Is Digoxin a Good Choice for Treatment of Atrial Fibrillation? I want to make it clear, once again, that I am writing this blog as an endurance athlete dealing with atrial fibrillation (AF) – not as a clinician. I’m not a cardiologist or a primary care physician. I’m simply posing a question and not answering it. It is important for you to be in agreement with your cardiologist and primary care provider about your treatment plan Whatever you do – DON’T STOP TAKING ANY MEDICATION YOU HAVE BEEN PRESCRIBED BECAUSE YOU READ ABOUT SIDE EFFECTS ON SOME GUY’S BLOG!
Also – full disclosure – I take a low dose of digoxin.
Digoxin is the generic name for Lanoxin which has been actually been used for hundreds of years as an herbal preparation (Digitalis) from the foxglove plant, seen above, which is a lovely plant, don’t you think?
Digoxin is used to treat atrial fibrillation, atrial flutter, and heart failure. My cardiologist told me that many of the younger cardiologists don’t generally even prescribe it any longer.
Digoxin has a narrow therapeutic index, which means that at too low of a dose it isn’t very effective and at higher doses it is toxic. Because of this it has many side effects. It is unknown whether digoxin is safe during pregnancy. Digoxin works by improving heart function by strengthening the contractions and slowing the heart rate.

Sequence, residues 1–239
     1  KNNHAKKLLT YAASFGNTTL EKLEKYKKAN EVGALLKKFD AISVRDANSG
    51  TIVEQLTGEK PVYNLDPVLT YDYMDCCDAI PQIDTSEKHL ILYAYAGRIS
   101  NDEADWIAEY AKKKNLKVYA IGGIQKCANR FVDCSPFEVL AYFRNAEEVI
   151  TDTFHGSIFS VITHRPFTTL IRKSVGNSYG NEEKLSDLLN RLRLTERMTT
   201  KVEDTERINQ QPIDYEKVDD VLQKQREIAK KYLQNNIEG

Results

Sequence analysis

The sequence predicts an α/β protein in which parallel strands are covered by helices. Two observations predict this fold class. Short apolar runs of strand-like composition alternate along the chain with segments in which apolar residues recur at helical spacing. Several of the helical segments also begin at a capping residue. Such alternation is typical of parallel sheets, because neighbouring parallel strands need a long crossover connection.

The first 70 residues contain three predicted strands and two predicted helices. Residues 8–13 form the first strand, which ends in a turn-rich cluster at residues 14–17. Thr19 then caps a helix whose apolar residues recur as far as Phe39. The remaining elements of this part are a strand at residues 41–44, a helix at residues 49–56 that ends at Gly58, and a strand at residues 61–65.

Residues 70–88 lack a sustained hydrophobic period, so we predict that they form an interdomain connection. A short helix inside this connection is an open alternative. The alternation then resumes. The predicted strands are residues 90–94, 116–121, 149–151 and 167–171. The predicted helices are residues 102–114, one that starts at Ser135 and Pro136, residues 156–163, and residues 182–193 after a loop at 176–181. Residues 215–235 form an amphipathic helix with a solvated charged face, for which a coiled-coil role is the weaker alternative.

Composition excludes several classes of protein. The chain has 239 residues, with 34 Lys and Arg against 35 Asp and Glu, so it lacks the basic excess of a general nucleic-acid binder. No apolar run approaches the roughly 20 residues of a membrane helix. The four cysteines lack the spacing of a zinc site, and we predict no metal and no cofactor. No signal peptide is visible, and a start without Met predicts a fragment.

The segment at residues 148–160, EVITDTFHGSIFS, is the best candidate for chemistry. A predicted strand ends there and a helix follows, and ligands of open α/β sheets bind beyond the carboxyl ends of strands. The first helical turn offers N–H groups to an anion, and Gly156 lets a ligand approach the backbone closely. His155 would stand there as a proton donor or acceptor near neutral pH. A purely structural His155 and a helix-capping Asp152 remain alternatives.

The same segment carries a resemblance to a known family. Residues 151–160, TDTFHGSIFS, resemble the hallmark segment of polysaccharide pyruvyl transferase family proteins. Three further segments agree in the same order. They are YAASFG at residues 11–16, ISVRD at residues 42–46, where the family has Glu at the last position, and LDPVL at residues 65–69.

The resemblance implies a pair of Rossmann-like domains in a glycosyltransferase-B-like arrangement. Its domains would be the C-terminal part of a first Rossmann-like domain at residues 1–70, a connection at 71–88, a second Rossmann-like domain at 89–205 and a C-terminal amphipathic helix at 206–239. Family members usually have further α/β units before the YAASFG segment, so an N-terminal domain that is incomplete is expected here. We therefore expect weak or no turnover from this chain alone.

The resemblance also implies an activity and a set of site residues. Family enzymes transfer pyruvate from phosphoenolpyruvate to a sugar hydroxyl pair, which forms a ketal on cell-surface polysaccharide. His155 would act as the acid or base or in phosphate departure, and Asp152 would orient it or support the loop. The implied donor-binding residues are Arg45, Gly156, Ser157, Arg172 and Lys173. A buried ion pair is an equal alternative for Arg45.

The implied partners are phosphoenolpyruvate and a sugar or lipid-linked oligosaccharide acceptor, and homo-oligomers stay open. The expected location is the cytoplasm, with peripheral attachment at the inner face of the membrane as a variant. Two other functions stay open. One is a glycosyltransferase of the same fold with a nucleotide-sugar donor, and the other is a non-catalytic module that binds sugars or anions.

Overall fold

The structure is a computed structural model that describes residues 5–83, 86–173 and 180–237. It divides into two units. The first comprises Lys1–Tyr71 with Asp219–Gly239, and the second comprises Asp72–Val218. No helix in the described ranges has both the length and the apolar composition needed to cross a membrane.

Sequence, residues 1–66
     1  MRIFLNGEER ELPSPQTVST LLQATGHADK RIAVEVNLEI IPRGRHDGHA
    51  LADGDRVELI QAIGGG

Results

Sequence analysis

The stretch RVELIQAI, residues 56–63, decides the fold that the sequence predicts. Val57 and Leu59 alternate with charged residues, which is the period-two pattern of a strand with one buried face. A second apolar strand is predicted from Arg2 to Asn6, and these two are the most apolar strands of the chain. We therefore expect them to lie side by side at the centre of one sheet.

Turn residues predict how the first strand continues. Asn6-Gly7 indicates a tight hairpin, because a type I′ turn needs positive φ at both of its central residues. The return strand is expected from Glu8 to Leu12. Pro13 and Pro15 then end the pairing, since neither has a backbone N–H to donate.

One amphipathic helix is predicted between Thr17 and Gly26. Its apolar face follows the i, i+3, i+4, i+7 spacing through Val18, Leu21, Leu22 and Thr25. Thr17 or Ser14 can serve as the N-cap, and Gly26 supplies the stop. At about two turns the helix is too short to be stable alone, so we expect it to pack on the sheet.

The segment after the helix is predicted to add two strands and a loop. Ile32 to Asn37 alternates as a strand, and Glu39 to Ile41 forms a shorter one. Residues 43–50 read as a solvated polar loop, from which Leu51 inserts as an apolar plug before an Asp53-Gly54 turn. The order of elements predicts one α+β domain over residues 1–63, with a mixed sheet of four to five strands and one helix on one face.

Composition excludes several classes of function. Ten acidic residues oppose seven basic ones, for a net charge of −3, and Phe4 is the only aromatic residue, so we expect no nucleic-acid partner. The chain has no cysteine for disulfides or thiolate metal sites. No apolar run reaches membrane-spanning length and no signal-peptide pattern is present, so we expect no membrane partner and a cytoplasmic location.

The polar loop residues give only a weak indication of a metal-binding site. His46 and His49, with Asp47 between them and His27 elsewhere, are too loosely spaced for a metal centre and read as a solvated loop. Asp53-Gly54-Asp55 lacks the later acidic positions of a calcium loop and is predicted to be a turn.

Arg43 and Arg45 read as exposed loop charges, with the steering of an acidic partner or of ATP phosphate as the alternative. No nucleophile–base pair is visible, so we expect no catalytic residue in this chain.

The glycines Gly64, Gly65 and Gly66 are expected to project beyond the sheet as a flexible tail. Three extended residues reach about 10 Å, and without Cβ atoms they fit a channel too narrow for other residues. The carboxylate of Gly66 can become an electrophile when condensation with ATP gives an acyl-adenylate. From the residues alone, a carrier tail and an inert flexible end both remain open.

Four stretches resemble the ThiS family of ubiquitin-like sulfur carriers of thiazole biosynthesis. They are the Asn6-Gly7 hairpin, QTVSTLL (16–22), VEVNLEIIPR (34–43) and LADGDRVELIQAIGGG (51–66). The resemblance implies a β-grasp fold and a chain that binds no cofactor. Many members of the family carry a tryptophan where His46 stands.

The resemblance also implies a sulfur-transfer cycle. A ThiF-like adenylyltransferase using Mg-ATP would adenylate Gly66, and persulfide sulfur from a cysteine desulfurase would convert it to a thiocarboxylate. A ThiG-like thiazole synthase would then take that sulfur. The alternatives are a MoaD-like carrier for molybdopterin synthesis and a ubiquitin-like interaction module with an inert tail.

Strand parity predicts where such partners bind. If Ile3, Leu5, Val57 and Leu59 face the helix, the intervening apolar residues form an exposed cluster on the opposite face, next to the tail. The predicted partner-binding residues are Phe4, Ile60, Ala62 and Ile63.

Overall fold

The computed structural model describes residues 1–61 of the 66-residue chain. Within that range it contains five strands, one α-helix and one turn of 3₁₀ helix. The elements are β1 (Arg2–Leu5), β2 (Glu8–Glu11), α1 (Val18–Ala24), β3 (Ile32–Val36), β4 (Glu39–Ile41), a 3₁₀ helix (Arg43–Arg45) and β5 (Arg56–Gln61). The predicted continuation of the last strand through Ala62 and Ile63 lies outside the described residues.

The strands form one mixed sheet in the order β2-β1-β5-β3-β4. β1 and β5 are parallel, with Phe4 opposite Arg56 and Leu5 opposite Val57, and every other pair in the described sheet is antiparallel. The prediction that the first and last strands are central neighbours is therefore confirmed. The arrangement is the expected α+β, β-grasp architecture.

A 2018 paper published Journal of the American College of Cardiology concluded that digoxin increased mortality in patients with atrial fibrillation regardless of heart failure.
Conclusions In patients with AF taking digoxin, the risk of death was independently related to serum digoxin concentration and was highest in patients with concentrations ≥1.2 ng/ml. Initiating digoxin was independently associated with higher mortality in patients with AF, regardless of heart failure.
Also consider that several of the authors of the study disclosed that they had financial ties to pharma and medical device companies, including pharmaceutical giants Bristol-Meyers Squibb and Pfizer who funded the study.
But look! Runners and other endurance athletes need to ask their cardiologists about digoxin toxicity because both dehydration and low magnesium increase the chance of toxicity. Who among us hasn’t been dehydrated?
I’m going to be asking my cardiologist more questions about digoxin next time I see her. As I mentioned I take a small dose and when we did lab work my digoxin level was low, below the therapeutic window, which she said was fine – she just wanted to make sire it wasn’t too high. Me too!
I’d love to see your comments!